His papers show a largely exemplary service record with just three disciplinary incidents: being AWOL for 2 hours in November 1916 (lost 14 days pay), trotting a horse on a cobbled road in January 1917 (lost 7 days pay) and for being without his helmet in March 1917 (lost 8 days pay).

Kenrid returned to New Zealand and died in 1968. His brother, Keith Davey’s grandfather, Sidney Charles Davey, also served having enlisted on 29 August 1914 and joined the Royal Engineers, eventually being promoted to Lieutenant.

image002Sidney Charles Davey

Keith also mentioned that several cousins of Kenrid and Sidney had also lived in the Sevenoaks area and fought during the war, including Horace James Taylor, a cousin through their mother Lizzie’s sister, Emma, who had married Alfred Taylor.

A Cricketing Cousin

Horace Taylor was born in Sevenoaks on the 26 December 1895 and his father, Alfred, would have been well known in the town as a harness and saddle maker. The 1911 census shows the family living at 50-52 London Road (which was also known as Belgrave House) with Horace and his younger brother Alfred listed as being at school and their older sister, Millicent, recorded as an assistant school teacher.

Screen Shot 2015-09-10 at 14.54.50Horace James Taylor

Both boys attended Sevenoaks School as day boys; Horace could have attended any time between 1904 – 1912  and according to the Sennockian (1922) he left the school in 1912 and became a bank clerk.

Horace enlisted in late August 1914 when he was nineteen, joining the West Kent Yeomanry and saw service with them at Gallipoli and in Egypt before going on to serve in Palestine and France. He served as a Private, albeit holding the rank of corporal for two brief periods. By June 1918 Horace had returned to England to attend a cadet course, and he spent the remainder of the war working at the Larkhill Reception Camp in Wiltshire.

He is named on the Sevenoaks School’s Honour Board, in the 1914 Roll of Honour and on the roll of local serving men in St Nicholas’ Parish Church. His brother, Alfred, also saw service having joined the London Regiment (2nd Battalion) on the outbreak of war, but in 1916 was transferred to the West Riding Regiment (13th Battalion). Both brothers survived the war.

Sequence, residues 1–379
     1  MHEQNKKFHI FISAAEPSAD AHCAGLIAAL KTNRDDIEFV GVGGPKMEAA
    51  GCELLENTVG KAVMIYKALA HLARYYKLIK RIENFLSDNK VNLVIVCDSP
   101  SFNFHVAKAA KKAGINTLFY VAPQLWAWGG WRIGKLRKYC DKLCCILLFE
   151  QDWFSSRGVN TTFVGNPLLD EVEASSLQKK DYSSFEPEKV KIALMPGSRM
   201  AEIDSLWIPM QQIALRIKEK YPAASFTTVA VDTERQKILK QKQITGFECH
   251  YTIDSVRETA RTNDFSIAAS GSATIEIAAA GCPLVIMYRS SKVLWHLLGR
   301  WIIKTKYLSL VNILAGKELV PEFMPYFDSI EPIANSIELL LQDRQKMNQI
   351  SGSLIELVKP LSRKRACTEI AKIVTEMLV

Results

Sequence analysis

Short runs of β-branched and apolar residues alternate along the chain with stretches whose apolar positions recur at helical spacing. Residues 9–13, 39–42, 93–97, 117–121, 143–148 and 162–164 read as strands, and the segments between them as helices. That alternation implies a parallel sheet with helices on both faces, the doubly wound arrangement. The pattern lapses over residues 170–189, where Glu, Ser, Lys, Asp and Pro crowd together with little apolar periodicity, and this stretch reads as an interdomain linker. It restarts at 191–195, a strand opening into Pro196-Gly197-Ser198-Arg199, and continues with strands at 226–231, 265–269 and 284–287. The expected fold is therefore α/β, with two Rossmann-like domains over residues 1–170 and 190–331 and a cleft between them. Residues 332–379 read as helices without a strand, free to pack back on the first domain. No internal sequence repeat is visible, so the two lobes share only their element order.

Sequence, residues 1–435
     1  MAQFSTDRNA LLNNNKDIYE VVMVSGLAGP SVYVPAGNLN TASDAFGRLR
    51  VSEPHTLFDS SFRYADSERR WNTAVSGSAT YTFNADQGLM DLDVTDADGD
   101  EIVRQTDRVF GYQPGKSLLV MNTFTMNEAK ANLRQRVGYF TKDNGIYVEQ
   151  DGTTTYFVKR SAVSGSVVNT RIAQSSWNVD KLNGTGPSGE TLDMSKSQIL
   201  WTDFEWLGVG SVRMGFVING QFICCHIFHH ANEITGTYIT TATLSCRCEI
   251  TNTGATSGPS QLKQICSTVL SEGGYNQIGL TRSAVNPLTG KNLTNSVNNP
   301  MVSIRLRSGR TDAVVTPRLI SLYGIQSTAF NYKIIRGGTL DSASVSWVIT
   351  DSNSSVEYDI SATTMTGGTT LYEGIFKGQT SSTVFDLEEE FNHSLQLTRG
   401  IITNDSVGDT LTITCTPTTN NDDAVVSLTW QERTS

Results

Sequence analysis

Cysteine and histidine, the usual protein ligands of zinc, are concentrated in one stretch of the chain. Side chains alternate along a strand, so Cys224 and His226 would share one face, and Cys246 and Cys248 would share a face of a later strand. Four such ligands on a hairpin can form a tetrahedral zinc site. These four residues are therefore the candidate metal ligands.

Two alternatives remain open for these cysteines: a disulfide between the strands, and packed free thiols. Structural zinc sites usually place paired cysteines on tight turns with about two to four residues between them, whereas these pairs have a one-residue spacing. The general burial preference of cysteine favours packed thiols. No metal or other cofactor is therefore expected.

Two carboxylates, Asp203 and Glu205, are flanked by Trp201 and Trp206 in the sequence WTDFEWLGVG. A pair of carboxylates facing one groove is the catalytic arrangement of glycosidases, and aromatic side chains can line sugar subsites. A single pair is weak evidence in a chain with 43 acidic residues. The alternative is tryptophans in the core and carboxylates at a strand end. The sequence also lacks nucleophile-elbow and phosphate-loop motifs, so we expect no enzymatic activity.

Horace was known for his interest in and talent for cricket, first displayed at School when he played in the First XI 1910 – 1912. He was later a member of the Kent County side between 1922 – 1928. Horace married Doris Austin in Tonbridge in 1935 and lived on until 1961.

Research has shown a further link with one of the men named on the Sevenoaks war memorial. In January 1916 Horace and Alfred’s sister, Millicent, married their former fellow pupil, Arthur Thompson, son of the Sevenoaks Post Office Superintendent.

imageArthur Herbert Thompson

Arthur was killed later that year in the September during the Battle of the Somme. The Sevenoaks School Quarterly obituary speaks of “his young wife, whose courage under her cruel loss has taught us all a lesson of endurance and faith”. Arthur’s brother,  Sidney Ernest Thompson, had died on 25 September 1915 and is buried at Greatness cemetery, Sevenoaks.

My thanks to Keith Davey and Sally Robbins, Archivist at Sevenoaks School, for their invaluable help with this post. Please do get in touch if you have a link to any of the other Sevenoaks Anzacs or men named on the war memorial.